|dc.description.abstract||Clinical experiences are essential for the development of clinical judgement in nursing students. Clinical experiences offer students situated and contextual learning opportunities to apply their theoretical knowledge to patient care and make effective clinical judgements. However, students’ learning opportunities vary widely in the clinical environment and this may influence their ability to acquire necessary clinical judgement skills. Further, access to clinical learning opportunities for many nursing schools is increasingly problematic due to limited clinical placements. In response, nursing schools are exploring simulations as alternative learning opportunities to support the development of clinical judgement in nursing students.
Research shows simulations are a valuable educational tool to prepare students for the clinical environment. They are especially useful as a practice environment that has no patient risk. There is also increasing evidence that simulations are helpful for developing clinical judgement. In nursing education, this evidence is based mainly on the evaluation of students’ clinical judgement skills using the Lasater clinical judgement rubric (LCJR). However, other studies report nursing students are often anxious in simulations, they may find cue recognition difficult and they may struggle with the contrived nature of the simulation. The LCJR does not directly account for these contextual factors, therefore, a student’s clinical judgement score in simulation may not accurately reflect their clinical judgement ability. As such, understanding the students’ voice and their experiences in simulations is critical to designing an environment that enriches student learning, and ultimately the development of clinical judgement skills.
This exploratory case study investigated the experiences of third-year undergraduate nursing students in simulations and collected stories about their experiences in the clinical environment. This study places an emphasis on the student’s voice. It aims to add to the ongoing dialogue about the potential use of simulation as an alternate learning environment to foster the development of clinical judgement in nursing students. To fulfil these aims, this thesis considered two research questions:
1) How do nursing students experience simulation as an environment for learning?
2) How do nursing students’ learning experiences in simulation and clinical practice influence their development of clinical judgement skills?
The study employed a qualitative interpretative inquiry, involving: observations of simulations; one-to-one interviews; a collection of student stories from clinical practice; and the review of documents pertinent to the simulations. Twelve third-year nursing students participated in the study. The observation notes, interview data and clinical stories were analysed using a general inductive approach to categorise and derive key themes.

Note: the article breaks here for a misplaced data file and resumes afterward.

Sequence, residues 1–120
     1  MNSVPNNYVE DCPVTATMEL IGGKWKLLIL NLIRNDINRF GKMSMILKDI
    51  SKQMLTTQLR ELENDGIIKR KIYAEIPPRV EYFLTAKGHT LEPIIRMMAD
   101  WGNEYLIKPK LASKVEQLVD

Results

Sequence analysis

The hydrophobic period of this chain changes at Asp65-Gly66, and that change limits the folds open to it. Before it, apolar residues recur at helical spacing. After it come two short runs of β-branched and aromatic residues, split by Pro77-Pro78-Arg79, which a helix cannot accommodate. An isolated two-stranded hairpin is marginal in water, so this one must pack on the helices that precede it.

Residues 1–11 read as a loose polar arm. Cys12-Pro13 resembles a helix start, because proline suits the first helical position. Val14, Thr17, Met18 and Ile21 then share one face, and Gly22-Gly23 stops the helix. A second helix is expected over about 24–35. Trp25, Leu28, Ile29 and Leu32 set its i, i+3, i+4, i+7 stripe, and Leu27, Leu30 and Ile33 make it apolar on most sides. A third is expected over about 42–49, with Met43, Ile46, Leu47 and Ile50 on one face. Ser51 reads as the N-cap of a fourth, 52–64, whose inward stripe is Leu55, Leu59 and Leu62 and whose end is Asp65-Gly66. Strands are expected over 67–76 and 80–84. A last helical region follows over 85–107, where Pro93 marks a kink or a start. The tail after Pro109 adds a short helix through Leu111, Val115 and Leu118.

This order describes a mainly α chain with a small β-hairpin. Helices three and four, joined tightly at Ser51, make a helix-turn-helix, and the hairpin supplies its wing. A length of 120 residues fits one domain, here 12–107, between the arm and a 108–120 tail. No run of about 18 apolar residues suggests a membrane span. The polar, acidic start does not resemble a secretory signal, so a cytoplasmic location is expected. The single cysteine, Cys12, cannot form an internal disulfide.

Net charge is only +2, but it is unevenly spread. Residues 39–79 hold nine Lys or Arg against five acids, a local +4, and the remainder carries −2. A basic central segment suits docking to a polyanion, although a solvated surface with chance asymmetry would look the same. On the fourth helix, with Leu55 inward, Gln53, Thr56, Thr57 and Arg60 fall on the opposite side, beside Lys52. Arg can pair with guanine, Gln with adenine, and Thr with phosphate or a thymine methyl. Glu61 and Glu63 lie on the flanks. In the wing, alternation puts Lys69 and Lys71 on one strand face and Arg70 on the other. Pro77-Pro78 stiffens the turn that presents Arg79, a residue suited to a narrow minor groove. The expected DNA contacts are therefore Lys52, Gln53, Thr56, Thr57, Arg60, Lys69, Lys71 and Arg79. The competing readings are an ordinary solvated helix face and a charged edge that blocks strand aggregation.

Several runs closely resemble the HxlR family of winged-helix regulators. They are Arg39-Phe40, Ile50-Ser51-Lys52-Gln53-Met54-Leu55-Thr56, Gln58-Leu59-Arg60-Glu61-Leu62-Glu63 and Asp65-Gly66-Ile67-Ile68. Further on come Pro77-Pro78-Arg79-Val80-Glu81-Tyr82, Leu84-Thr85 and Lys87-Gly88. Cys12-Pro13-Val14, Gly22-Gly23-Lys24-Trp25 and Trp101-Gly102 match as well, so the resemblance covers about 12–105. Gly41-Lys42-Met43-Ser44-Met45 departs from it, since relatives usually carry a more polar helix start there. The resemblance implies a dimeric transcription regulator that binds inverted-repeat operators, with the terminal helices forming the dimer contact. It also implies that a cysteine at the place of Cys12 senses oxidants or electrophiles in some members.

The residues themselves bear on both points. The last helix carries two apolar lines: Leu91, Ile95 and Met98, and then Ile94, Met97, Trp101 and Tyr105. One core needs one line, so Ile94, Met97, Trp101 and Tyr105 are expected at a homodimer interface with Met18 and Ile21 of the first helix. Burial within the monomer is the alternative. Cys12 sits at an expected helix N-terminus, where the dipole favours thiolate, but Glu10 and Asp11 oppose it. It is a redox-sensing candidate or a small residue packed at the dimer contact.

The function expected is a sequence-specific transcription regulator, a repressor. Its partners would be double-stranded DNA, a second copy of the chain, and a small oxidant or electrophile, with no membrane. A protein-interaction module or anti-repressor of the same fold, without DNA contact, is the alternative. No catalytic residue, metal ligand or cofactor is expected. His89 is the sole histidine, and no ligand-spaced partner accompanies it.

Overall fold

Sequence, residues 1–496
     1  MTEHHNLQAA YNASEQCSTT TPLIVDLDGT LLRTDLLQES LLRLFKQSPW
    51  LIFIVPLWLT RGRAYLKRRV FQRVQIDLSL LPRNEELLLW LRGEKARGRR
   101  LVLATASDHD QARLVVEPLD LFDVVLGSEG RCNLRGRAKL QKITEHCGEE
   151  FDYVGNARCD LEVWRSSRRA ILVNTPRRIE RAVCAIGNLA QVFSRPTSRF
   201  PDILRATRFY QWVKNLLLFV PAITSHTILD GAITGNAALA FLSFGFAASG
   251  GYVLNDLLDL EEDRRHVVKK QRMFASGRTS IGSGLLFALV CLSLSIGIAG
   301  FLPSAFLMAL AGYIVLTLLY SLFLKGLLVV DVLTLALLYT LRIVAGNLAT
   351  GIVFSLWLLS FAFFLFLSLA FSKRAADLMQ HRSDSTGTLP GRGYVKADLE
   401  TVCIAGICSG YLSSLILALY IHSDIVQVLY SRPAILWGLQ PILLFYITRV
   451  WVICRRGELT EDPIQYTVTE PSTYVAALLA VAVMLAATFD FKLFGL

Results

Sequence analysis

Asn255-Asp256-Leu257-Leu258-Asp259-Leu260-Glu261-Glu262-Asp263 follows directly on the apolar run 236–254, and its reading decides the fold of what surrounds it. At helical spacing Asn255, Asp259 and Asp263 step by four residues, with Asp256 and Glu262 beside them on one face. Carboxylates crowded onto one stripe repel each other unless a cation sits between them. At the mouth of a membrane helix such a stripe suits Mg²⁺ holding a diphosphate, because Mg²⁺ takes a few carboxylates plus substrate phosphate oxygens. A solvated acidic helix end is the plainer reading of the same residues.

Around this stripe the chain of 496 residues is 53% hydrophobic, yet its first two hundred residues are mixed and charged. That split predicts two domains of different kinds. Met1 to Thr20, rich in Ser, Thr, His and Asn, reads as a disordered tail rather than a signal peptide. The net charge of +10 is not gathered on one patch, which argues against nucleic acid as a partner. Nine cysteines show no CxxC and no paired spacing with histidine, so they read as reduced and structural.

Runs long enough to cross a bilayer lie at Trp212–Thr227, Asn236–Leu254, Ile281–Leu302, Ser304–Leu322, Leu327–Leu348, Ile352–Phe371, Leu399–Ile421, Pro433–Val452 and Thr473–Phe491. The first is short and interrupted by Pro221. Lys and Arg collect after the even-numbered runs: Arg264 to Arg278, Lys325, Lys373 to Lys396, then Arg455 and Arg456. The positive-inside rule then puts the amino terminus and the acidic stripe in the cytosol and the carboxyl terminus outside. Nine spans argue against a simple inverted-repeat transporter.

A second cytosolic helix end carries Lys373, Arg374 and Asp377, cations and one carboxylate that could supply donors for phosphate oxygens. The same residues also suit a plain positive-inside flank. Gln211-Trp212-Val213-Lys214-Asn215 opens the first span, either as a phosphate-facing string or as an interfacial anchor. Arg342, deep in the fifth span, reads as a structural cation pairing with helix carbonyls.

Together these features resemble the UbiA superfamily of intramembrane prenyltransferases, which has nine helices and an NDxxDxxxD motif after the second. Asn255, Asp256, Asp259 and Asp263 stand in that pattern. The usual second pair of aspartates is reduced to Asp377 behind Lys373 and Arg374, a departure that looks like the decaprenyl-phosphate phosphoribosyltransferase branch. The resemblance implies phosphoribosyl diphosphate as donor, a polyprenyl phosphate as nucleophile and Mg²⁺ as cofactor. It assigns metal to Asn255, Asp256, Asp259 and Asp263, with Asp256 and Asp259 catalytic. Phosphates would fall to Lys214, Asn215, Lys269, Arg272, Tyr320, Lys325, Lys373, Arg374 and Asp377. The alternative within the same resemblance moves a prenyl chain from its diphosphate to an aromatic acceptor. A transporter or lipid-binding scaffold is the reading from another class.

The study identified several themes that deepen our understanding of students’ experiences in simulation and in the clinical environment to develop clinical judgement. First, students’ perceptions of realism, comfort with role-play, preparation for the simulation, and collegiality and trust within their simulation group influenced their experiences in simulation. Accordingly, some students may find it more difficult than others to leverage the learning opportunities simulation offers. Second, there may be an unintentional effect of being observed in simulations, in particular, performance anxiety and a fear of making a mistake. In addition, separating the novice learner from the lecturer with the expert knowledge could overwhelm the student and make problem-solving difficult.
Third, students’ learning experiences in simulation and clinical practice were very different; therefore, the environments provided different learning opportunities. In the clinical environment, students’ felt a strong sense of responsibility for the patient outcome because they were working with real patients in real situations and they connected their learning to the emotions this induced. In comparison, simulations could feel less authentic, and, for some students, this made it challenging to connect with the learning. In the clinical environment, students had to respond in complex and unpredictable situations, whereas in simulations, the purposeful intent and end point of meeting learning outcomes meant the student’s response had the potential to be predictable and formulaic.
In summary, a number of interlinking factors influenced students learning experiences in simulation. These included participant-related factors, facilitation of the simulation and the learning context. The experiences of these students are useful to consider when planning simulation and clinical experiences to develop clinical judgement in nursing students.||